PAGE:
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I remember going camping with my father in a WWII vintage tent. It was heavy white canvas with wooden poles, and someone had painted a tree on each side with black paint. I think it was supposed to be wartime camouflage to fool the Germans. Any time we touched the inside when it was raining a leak would start. We had to run a finger all the way down from the leak to make a track for the water to run down. My vivid memory is as a 5 or 6 year old going behind a rock with trowel and paper not realizing I was facing the track where the local farmer drove his tractor every morning.
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Old 06-20-2013, 03:18 PM   #1354
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My first camping experiences were with my ex-DH back in the early 70’s. He brought 2 shelter halves back from Viet Nam that we packed into my 1970 Chevy Vega along with a Coleman stove, sleeping bags and an wooden Army foot locker that we painted blue to match the car. It held all of our kitchen essentials and extra mantles for the Coleman lantern.

In 1974 we bought a white Dodge cargo van which we insulated, paneled and built a bed across the back. It had room for our daughter's porta-crib. That was great fun. But it didn't last.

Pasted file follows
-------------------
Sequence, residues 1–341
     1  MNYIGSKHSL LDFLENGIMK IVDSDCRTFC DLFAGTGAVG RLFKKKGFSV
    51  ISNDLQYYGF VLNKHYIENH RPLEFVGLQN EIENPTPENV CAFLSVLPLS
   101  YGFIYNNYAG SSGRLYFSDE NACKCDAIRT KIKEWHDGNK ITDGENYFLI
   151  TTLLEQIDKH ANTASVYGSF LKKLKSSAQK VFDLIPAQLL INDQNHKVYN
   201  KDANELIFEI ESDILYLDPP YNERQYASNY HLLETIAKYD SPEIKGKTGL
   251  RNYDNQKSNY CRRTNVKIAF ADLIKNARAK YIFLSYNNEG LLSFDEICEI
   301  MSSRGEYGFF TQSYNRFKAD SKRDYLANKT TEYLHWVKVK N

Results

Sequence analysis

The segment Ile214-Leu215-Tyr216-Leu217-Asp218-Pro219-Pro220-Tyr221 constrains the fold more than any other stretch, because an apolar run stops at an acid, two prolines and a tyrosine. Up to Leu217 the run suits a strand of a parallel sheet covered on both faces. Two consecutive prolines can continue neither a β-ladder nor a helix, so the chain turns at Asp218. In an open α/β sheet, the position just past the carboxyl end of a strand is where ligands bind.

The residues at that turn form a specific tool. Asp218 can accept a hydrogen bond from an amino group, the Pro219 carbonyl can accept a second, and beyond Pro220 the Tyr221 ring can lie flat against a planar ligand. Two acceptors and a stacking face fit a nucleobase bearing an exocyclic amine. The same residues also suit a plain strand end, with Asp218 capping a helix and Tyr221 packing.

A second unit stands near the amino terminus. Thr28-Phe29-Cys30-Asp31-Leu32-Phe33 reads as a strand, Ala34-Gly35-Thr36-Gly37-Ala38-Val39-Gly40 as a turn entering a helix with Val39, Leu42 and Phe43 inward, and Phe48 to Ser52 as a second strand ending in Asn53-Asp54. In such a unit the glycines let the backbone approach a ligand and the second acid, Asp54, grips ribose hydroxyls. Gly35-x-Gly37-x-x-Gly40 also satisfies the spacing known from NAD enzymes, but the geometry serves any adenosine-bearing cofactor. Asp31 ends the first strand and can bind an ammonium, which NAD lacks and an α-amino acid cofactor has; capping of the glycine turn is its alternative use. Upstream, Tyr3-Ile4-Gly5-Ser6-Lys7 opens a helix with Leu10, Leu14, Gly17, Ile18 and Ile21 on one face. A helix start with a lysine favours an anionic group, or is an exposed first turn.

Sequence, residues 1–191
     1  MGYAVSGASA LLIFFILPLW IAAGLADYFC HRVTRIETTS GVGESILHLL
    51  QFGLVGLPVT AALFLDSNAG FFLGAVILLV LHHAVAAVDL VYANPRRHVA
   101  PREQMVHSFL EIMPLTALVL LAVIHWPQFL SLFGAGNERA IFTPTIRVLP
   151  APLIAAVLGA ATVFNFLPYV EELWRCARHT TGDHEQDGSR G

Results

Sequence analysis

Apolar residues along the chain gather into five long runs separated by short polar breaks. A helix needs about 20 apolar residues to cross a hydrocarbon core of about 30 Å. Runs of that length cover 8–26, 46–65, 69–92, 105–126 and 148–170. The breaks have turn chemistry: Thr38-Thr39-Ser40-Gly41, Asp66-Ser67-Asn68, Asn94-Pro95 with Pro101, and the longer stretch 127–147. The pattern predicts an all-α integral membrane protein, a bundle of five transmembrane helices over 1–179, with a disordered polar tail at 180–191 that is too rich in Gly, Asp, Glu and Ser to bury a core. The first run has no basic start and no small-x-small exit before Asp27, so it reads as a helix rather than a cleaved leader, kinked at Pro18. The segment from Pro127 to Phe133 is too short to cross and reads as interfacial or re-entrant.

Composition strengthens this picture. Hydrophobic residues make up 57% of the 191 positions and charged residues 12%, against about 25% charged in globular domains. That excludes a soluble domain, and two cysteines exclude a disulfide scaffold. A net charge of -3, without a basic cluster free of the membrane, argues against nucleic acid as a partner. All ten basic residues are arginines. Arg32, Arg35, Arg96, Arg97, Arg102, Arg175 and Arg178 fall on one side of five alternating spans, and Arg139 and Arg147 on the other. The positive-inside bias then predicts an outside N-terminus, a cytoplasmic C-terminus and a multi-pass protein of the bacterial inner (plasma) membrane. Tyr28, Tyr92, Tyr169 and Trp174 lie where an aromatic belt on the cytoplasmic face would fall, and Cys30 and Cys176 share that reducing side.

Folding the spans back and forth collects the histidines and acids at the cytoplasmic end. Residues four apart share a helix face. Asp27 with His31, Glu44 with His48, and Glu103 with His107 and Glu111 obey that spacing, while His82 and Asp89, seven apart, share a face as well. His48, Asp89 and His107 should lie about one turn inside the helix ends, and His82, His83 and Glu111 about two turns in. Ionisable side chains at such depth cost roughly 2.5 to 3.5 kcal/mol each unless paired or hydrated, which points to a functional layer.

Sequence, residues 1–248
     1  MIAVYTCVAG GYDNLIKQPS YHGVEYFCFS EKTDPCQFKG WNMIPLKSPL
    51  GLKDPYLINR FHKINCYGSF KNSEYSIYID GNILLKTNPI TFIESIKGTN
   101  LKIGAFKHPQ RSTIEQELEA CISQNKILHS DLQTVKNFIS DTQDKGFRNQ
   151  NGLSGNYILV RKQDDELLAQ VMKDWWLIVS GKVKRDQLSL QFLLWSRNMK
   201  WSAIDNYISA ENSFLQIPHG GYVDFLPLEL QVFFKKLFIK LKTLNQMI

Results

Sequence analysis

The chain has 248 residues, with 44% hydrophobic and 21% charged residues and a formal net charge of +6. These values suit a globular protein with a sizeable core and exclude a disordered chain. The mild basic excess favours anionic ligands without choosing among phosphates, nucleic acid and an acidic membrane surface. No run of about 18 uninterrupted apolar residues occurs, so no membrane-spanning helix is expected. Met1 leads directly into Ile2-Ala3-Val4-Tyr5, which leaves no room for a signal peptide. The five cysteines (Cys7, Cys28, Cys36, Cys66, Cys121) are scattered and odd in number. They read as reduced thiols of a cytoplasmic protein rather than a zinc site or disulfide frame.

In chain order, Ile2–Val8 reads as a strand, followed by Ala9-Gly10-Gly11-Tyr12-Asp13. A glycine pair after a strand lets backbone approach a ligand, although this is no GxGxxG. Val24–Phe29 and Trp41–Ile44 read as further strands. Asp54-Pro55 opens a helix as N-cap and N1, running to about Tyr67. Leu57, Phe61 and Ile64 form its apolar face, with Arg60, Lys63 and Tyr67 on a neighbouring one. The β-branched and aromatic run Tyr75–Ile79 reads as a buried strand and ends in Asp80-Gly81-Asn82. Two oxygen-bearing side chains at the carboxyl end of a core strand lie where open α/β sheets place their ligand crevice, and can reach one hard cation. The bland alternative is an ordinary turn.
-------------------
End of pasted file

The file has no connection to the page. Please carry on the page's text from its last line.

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Old 06-20-2013, 06:34 PM   #1355
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My first camping experience was when my folks took me and my 2 older sisters to the Black Hills.
I was 8 months old and spent most of the travel time sleeping in the back window of Dads 32 Ford.
I dont remember much of it.

More when I find the old pics on my PC. Will include the origin of "Daven".

Love the stories! Keep it coming!

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Old 06-20-2013, 07:05 PM   #1356
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My nephew used to love riding in the back window of the car, now it would be child abuse to let a kid ride there.
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Old 06-20-2013, 07:22 PM   #1357
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When I was ten we moved to Texas from California so my earliest camping experiences are tent camping at Lake Cachuma and Kings Canyon. We were tent campers with one exception.

We traveled with the family across the street to Kings Canyon. They had a camper on their truck. We had our trusty tent. The next trip to Lake C my parents rented a small TT. I was not impressed but mom was happy. What I remember most about the TT trip - climbing the big tree in our campsite. What I remember most about the trip to Kings Canyon - the smell of redwood, sitting around the campfire, and the doll my dad carved from some pine wood for my little sister. I still love the smell of redwood and a nice campfire. Not sure if my sister still has the doll or not. It was around for many years.
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Old 06-20-2013, 07:24 PM   #1358
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Hee-hee

Attachment 40890

About 7 tons of duck
Yup, that's one BIG duck!